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Removing dates from your articles, bad idea!

Everyone talks about “timeless” content. Some people call it “pillar posts”, the content that anchors your blog and cements your authority. I say, hogwash. There is no such thing as timeless content. If I stumble onto your blog post while looking for PHP code or WordPress optimization tips, and neither your article nor your URL has any indication whatsoever of when the article was written, I am going to assume the following about you:

1) You are trying to hide the fact that your best work is behind you.
2) You are cashing in on hits at the expense of the most updated advice.

Both of these I believe are short term strategies. Sooner or later people figure out that your article hasn’t been updated, and your authority suffers. Trust me, if you leave dates off your posts, this is happening to you and you probably don’t even realize it.

The fact is, advice and code changes over time. For example, over the years WordPress has introduced and deprecated dozens of functions. Google’s advice for webmasters has changed over time. If you found a website with some code you needed, or advice on how to optimize your site and the post had no date, how could you judge the code quality? You might be following old advice without realizing it and doing some damage to your search engine position or site loading speed. At the very least, copying and pasting old code into your site would be a time-wasting nuisance. I can’t even count how many articles I’ve found with no post date which contain broken links or outdated references to old WordPress plugins. I think that is more embarrassing than having the post date on the article and possibly having someone think your article is (gasp!) old.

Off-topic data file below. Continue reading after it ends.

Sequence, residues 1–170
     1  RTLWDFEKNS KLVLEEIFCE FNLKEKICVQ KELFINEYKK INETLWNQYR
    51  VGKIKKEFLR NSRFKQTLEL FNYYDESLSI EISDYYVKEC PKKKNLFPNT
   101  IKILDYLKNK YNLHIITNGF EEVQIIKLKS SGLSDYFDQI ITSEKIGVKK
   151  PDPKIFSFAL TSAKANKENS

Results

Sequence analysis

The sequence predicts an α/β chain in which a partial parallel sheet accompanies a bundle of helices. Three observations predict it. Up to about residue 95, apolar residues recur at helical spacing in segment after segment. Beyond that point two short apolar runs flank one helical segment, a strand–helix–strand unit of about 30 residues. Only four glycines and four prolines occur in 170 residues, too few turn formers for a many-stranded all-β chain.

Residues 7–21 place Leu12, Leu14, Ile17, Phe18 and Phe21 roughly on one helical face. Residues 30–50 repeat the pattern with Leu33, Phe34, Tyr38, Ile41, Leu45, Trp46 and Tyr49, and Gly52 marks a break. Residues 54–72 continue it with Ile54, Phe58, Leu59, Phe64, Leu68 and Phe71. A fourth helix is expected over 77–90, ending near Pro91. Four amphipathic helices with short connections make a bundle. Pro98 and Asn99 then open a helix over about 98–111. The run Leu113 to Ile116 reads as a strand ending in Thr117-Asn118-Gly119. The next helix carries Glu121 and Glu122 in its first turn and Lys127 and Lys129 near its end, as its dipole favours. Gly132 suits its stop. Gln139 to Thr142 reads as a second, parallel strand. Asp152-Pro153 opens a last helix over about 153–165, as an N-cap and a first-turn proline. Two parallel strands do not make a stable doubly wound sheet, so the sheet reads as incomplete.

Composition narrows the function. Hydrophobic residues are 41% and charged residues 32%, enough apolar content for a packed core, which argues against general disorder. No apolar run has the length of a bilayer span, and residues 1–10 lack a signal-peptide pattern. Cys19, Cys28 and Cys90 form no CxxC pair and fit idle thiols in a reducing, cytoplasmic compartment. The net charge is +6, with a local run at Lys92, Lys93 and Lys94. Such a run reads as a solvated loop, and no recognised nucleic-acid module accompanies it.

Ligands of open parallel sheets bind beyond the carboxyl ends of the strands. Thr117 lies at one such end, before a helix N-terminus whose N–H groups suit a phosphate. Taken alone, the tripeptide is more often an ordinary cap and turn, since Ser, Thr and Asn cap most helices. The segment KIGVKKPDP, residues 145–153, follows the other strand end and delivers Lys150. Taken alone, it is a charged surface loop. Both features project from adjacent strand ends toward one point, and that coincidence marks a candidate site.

Now I know some of you are howling: “I don’t run a news site, so the date of the post is irrelevant!” Or, “it’s a fact that people avoid content they think is old!”

I disagree. To the first point, I say that you are doing your visitors a favor by including the article date. It lets them immediately judge the relevancy of an article. As a web surfer, I appreciate that you respect my judgment enough to let me decide for myself if you are the best resource for a particular issue. It actually enhances your authority.

To the second point, only chickens who are afraid of losing visitors — or lazy bloggers who can’t be bothered to keep an article up to date — say things like that. It’s like the defense on a football team complaining about the other team’s offense. If you don’t like someone else scoring on you, do something about it!

Here’s one possible explanation:

One of the main problems with displaying dates on posts is that search engines and readers may associate the information on your older posts to be out of date. Readers may end up assuming it has lost its relevance.

So the solution is to completely mislead them by removing the date altogether, not write updated content?

Conclusion

What should you do?

  • Keep dates on your articles. Keep the time as well if you posted more than one article that day.
  • Update your “timeless” content regularly and use code to show the last modified time of either the article or the whole site. (Hint: I use a plugin for this.)
  • If you write an article that updates content on a previous article, link to that article from the original.
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